Darryl Cunningham, Robin Ince and Draw The Line in Brighton

Wondering how to cope in an increasingly depressing world? Well, one thing you could do is come and see some people discussing comics which are all about that depressing world.

I’ll be talking about Draw The Line at an event in Brighton on November 3, run by Myriad. But I’m just the support act:  top of the bill is Darryl Cunningham, in conversation with Robin Ince about his newest book Billionaires.

In a nice contrast, once Darryl has thoroughly depressed everyone with his exposé of the super rich elite and the neoliberal capitalist/consumerist system, I’ll be explaining how you can fix things with the positive political actions outlined in the Draw The Line project.

Or, ok, fix things a bit. No guarantees that Draw The Line can make everything better.

An assurance we can make, though, is that this will be a pleasant way to spend a November Sunday afternoon, so book now – tickets are here.

 

Draw The Line at Sunday Assembly Brighton

I had the great pleasure of talking about Draw The Line to the Brighton Sunday Assembly last weekend.

As I’ve previously mentioned, Sunday Assembly is a monthly meet up that encourages attendees to “Live better, help often, wonder more”. It’s a bit like a church service in format, only instead of hymns you have pop song karaoke, instead of prayers you have conversation and a few minutes’ silence, and instead of sermons you have people giving talks. People like me.

Also on the bill were Extinction Rebellion, who share many of our messages about going out there and getting things changed (in their case, acting on the climate emergency).

I thought I’d keep it relatively simple, so most of my talk consisted of going over some of the many and varied political actions depicted in the Draw The Line project, but it did seem to go down well and I got lots of invitations to speak at other places afterwards, which has to be some sort of endorsement.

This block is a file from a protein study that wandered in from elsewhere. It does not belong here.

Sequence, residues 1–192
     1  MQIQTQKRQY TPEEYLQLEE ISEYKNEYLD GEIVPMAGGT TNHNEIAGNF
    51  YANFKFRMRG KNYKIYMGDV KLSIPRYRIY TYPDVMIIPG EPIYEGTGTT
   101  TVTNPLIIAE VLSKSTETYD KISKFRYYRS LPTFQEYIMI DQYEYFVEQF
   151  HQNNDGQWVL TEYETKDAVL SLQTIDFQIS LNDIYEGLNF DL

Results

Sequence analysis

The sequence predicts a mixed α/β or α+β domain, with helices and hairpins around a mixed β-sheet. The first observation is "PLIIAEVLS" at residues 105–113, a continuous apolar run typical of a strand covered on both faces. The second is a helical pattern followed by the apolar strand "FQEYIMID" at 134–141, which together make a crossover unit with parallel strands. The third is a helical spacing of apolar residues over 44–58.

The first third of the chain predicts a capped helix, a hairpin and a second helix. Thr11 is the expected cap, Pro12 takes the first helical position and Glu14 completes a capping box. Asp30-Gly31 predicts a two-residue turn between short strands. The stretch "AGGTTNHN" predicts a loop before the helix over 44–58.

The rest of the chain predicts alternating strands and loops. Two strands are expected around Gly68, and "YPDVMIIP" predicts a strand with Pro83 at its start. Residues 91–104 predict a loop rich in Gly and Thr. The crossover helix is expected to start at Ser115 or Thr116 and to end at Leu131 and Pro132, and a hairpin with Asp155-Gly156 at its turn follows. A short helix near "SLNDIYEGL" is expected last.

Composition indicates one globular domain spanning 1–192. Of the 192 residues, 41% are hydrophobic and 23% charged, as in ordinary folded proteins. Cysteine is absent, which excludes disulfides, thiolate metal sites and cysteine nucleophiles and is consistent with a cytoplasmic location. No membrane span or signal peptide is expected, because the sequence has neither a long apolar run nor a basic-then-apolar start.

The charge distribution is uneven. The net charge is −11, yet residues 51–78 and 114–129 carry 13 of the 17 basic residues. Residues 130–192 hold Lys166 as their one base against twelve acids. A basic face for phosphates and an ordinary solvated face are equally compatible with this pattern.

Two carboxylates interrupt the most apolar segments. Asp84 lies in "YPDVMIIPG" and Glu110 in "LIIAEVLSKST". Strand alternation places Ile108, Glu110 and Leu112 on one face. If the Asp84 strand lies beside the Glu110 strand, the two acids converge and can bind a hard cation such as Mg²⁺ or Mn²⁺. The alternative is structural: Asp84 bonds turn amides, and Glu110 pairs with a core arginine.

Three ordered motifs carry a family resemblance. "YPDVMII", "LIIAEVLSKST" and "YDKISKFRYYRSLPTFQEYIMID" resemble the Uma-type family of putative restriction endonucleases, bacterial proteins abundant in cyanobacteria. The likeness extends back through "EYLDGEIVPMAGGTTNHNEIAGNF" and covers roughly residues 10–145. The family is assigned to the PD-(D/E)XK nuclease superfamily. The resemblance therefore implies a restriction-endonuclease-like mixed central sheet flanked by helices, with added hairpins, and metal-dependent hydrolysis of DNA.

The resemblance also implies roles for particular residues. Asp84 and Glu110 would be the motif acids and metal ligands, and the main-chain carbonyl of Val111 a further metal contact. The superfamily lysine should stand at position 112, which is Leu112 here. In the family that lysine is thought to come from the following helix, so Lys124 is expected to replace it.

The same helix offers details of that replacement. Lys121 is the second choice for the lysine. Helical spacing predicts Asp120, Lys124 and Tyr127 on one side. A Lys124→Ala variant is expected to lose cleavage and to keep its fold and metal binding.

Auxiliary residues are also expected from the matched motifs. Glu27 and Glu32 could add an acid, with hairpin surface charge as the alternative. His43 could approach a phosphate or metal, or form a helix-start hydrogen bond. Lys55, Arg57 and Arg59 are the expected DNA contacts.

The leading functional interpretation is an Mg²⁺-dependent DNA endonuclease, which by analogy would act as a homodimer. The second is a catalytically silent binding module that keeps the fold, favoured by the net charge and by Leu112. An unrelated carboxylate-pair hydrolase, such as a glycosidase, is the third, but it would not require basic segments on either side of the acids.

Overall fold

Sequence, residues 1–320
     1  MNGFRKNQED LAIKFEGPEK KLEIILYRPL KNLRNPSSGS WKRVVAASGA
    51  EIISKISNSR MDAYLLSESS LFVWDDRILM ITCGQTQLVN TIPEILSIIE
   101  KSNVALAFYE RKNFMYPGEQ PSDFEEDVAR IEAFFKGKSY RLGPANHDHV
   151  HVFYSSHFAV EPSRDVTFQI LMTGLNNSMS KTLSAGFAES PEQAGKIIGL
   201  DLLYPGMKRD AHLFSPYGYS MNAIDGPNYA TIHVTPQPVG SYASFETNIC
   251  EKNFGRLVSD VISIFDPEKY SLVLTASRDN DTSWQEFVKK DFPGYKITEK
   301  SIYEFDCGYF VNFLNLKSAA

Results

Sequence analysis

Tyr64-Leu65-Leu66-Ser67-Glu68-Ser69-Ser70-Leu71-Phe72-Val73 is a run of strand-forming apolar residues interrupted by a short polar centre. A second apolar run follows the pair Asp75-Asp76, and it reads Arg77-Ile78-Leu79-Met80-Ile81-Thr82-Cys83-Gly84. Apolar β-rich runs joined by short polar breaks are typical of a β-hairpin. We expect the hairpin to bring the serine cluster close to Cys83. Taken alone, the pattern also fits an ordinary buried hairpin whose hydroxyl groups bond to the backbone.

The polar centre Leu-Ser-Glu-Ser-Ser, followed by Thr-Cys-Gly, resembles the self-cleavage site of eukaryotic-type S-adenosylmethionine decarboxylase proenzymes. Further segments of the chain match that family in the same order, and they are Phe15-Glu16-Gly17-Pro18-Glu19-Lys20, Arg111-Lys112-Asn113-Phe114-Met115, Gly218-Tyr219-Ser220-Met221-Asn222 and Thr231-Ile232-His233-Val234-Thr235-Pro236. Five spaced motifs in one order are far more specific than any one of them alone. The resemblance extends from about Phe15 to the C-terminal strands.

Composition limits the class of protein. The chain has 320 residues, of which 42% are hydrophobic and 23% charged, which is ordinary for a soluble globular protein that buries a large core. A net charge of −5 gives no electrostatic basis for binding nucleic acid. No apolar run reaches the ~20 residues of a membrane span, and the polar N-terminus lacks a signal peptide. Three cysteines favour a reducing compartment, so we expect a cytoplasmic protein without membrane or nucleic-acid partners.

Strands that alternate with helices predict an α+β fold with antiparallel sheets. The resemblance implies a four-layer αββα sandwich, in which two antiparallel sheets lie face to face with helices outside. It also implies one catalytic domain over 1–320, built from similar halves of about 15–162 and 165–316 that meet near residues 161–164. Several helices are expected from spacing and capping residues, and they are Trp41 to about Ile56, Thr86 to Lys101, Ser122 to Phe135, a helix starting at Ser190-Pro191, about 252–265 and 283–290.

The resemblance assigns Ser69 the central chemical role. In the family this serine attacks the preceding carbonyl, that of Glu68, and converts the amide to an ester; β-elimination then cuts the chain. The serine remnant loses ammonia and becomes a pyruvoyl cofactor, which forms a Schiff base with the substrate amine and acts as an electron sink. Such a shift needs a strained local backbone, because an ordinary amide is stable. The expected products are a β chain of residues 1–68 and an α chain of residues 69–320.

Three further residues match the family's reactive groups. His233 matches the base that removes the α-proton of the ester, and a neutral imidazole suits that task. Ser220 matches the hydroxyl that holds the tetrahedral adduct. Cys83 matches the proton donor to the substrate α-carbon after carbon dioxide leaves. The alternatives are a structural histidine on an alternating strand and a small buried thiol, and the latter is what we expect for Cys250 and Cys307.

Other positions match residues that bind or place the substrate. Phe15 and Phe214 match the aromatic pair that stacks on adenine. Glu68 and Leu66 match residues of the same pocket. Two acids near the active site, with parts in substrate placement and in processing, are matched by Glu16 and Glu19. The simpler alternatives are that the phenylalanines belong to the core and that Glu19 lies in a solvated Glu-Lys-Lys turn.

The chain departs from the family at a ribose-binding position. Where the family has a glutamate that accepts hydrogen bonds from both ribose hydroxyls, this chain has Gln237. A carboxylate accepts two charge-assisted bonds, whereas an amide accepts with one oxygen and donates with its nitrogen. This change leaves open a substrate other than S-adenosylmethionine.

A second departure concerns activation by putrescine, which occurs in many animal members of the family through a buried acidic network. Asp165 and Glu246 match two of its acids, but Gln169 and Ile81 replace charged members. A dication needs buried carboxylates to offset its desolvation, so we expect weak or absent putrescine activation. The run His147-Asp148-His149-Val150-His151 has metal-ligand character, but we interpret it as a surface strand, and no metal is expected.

I’m always happy to talk about Draw The Line, first to spread its message that anyone can take a small political action and make the world a better place, and secondly in the hope that people will pledge for the Draw The Line book, helping that message reach ever more folk, and especailly those who may never have thought of themselves as activists.

If you’re interested, you can see my slides here and the rough notes to what I said are here. You’re welcome to adapt them to use in a talk of your own, so long as you include all the links to our website etc… and of course, invite your audience to pledge!

Draw The Line: hooray for publicity

Like buses, they all come at once. I’ve had three excellent opportunities to speak about Draw The Line recently, and now you can choose whether to enjoy your update via the medium of print, podcast or in person.

What is Draw The Line, do you ask? Well, you can find out through any of the links below, but the short version is, it’s a project which brings together more than 100 comic artists, each showing a political action anyone can take if they want to make the world a better place. We are currently crowdfunding to publish it as a book.

On air

Panel Borders

Firstly, you can listen to this week’s episode of Panel Borders which broadcast on Resonance FM and is now available in podcast form, titled Comics Activism. It’s split into two parts: in the first section, I chat with presenter Alex Fitch all about Draw The Line, about the connections I made prior to this project with the Finnish comic scene, and about my own work in progress exploring my teen years as a goth down in the rural county of Devon.